pic: 2015/2016 Robot Radio Comparison



Here’s a visual comparison of the planned 2016 radio versus the past season DLink.

Robots real estate problems solved!

Where’s the banana for scale?

In all seriousness, the smaller size is going to be much nicer. Only 2 ports is going to be trouble, but its easier to hide a switch in the robot, and put this radio further up and in a more open spot.

It was actually a pear for scale in the blog post.

I agree, the smaller size is going to be nicer.

The part I like is that it will be harder to mount it so you can’t see the status lights. Ohh, and PoE, the possibility that power can come up the Ethernet cable which locks into place should reduce the number of dead radios on field.

Any photos of the back? what does the wall mount hardware look like?

The issue with the POE is that it requires between 18-24 volts. Now FIRST could easily reuse the circuit from the 2009-2014 PDP to get 24 volts, but currently there is no easy way for teams to individually do it, and I suspect that FIRST will not allow it unless it requires all teams to do it. However I would love to have POE. 1 less cable to run around the robot would totally be worth it.

Does it happen to be water proof? :smiley:

Here is the back:

http://team358.org/history/2016/photos/betatesting/2016Radio-back_med.jpg](http://team358.org/history/2016/photos/betatesting/2016Radio-back.jpg)

And the waterspoofing, I mean waterproofing:

http://team358.org/history/2016/photos/betatesting/2016Radio-Waterproof_med.jpg](http://team358.org/history/2016/photos/betatesting/2016Radio-Waterproof.jpg)

Are those odd slots in the back for mounting? That would be really handy.

The normal usage for that AP is to mount it on walls in a hotel. I expect to see someone post a render of a 3D printable mount before I finish typing this. :slight_smile:

12 - 24 volts based on the sticker on the back of the radio. I expect the 18 - 24 quote is to make sure it functions when the radio is at the end of a 100 meter run.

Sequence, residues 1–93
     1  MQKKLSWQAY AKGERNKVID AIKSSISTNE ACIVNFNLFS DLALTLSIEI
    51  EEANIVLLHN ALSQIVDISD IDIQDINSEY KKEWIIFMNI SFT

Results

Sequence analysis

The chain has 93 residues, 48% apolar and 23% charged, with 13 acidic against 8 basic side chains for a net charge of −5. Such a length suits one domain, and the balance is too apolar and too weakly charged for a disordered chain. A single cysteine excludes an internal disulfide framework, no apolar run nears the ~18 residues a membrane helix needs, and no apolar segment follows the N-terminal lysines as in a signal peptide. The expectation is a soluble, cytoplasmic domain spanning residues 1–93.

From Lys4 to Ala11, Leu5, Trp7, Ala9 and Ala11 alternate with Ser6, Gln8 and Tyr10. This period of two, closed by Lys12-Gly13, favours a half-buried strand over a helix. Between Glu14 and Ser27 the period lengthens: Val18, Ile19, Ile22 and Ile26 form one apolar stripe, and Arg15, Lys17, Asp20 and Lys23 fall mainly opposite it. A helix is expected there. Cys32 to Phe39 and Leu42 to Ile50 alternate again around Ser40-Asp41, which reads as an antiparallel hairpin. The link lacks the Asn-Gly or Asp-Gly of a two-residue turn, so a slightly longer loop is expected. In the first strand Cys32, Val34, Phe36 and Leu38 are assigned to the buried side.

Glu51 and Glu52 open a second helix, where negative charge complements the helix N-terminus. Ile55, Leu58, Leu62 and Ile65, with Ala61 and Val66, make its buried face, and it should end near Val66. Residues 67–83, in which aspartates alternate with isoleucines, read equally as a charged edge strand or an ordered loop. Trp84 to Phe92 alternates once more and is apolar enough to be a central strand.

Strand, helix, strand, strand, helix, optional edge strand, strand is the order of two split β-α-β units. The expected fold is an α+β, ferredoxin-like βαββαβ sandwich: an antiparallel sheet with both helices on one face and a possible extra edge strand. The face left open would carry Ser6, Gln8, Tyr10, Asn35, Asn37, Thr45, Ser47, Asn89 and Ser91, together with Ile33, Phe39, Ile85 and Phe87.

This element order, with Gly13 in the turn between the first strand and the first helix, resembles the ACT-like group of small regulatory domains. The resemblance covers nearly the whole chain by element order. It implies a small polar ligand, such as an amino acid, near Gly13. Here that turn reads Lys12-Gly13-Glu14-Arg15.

The antennas in this radio are on each side that doesn’t have connectors. As always, mounting high in the robot away from noise sources and keeping the sides away from metal is the recommended practice.

I’ve used these Adafruit power injector adaptors in the past. It would give you the one cable run ability at the risk of some extra connections.

The connections use the snap on the ethernet cable to hold them in place, I’ve not had problems with them coming apart in daily use.

I’m not sure if they would run into a power rule problem, maybe Al can give some guidance.

R32 is what will prevent you from doing this. It says you must power the radio from the VRM.

Help me out some. The VRM supplies the voltage, you would still use it to feed into Adafruit power injector and then the ethernet cable and then to the radio.

How does Rule R32 come into play?

Why would that rule prevent the use of POE injectors? You could easily power the injector from the VRM.

The rule that I see being a problem is R38. It says that regulated circuits < 5A should be wired with 22AWG wire. You can find 22 gauge ethernet cable, but it’s not very common.

Sorry to crash the party, but does anyone have a link to an ethernet switch that is actually reasonably smaller than the original D-Link? Not much of a… net gain (badum tish) in real estate if the new system takes up… you know… MORE space.

Different radio. POE wasn’t an option on the DLINK. If they decide to allow POE as an option, they will change the rule. Since the radio has been problematic in the past, I expect they will only allow options that have been thoroughly tested.

R32 would have prevented using a POE injector to power the radio from something other than the VRM, but that was last year’s rules, and last year’s radio didn’t support POE anyway.

I am confident that the 2016 robot rules will address Power Over Ethernet one way or the other, either to make it explicitly legal or to restrict it.

A typical 5-port switch is slightly smaller than the D-Link wireless router. It takes a little less space on the robot where the D-Link would have been. The new OM5P-AN is thus an extra component, but it can be placed for good radio reception rather than for network wiring convenience if you’re using a separate switch.

This assumes that the 2016 rules permit a network switch between the radio and the roboRIO. I can imagine being required to have them connected directly with no intervening devices.